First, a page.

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Roberts v. Wake Forest University

Filed: January 19, 1982.


Appeal by plaintiff from Collier, Judge. Order entered 29 September 1980 in Superior Court. Forsyth County. Heard in the Court of Appeals 20 October 1981.

Clark, Judge. Judges Hedrick and Martin (Harry C.) concur.


It is a settled rule of law in North Carolina and other jurisdictions that employment for an indefinite term is regarded as an employment at will which may be terminated at any time by either party. Still v. Lance, 279 N.C. 254, 182 S.E.2d 403 (1971); Tuttle v. Lumber Co., 263 N.C. 216, 139 S.E.2d 249 (1964); Freeman v. Hardee's Food Systems, 3 N.C. App. 435, 165 S.E.2d 39 (1969); 9 Williston on Contracts § 1017 (3d ed. 1967); 3A Corbin Contracts § 684 (1960); Annot., 62 A.L.R. 3d 271 (1975); and see cases collected in Annot., 161 A.L.R. 706 (1946); Annot., 100 A.L.R. 834 (1936), and, Annot., 11 A.L.R. 469 (1921).

In our opinion the questions on appeal are determined by whether this rule of law controls the case sub judge. First, though the materials offered by the defendant University to support its motion for summary judgment tend to show his performance as Golf Coach was not satisfactory, the materials offered by plaintiff are conflicting. Whether there was cause for termination as Golf Coach would be a material issue of fact, and we eliminate this issue in determining whether the trial court erred in allowing summary judgment. Second, though plaintiff was employed as Golf Coach and Associate Athletic Director, the record on appeal contains little or nothing relative to any duties expected or performed as Associate Athletic Director. It is unquestioned that defendant offered to retain plaintiff in the position of Associate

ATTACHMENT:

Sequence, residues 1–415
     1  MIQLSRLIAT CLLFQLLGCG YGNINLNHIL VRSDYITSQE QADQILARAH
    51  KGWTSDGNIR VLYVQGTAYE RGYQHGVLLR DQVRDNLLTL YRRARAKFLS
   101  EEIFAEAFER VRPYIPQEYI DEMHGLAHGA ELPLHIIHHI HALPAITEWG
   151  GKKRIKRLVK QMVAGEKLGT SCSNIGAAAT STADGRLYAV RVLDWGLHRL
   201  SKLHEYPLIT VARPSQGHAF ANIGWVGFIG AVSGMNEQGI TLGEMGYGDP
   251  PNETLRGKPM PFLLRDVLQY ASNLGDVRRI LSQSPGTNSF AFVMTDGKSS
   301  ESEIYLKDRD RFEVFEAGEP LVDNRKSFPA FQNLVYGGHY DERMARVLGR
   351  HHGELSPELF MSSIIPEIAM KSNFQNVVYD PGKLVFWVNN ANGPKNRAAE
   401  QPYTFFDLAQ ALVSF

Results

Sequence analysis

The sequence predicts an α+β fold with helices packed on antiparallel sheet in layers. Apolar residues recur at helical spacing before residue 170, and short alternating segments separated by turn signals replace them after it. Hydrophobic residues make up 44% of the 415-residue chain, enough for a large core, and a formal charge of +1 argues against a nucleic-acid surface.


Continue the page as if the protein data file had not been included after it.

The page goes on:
Athletic Director and assign him to perform other duties in the athletic program, but plaintiff took the position that he was employed as Golf Coach and rejected the offer. In determining the question before us, we make the assumption that plaintiff was employed as Golf Coach and defendant discharged him from this position.

Perhaps because of the sometimes harsh results, the courts have occasionally relaxed the general rule permitting either party to an employment contract for an indefinite term to terminate it at will, with or without cause. See Annot., 62 A.L.R. 3d 271 (1975); 53 Am. Jur. 2d Master & Servant § 27 (1970). In Still v. Lance, supra, although the court upheld the school board's termination of a teacher without cause, we find the following dicta: "Where, however, there is a business usage, or other circumstance, appearing on the record, or of which the court may take judicial notice, which shows that, at the time the parties contracted, they intended the employment to continue through a fixed term, the contract cannot be terminated at an earlier period except for cause or by mutual consent." Id. at 259, 182 S.E.2d at 406-407.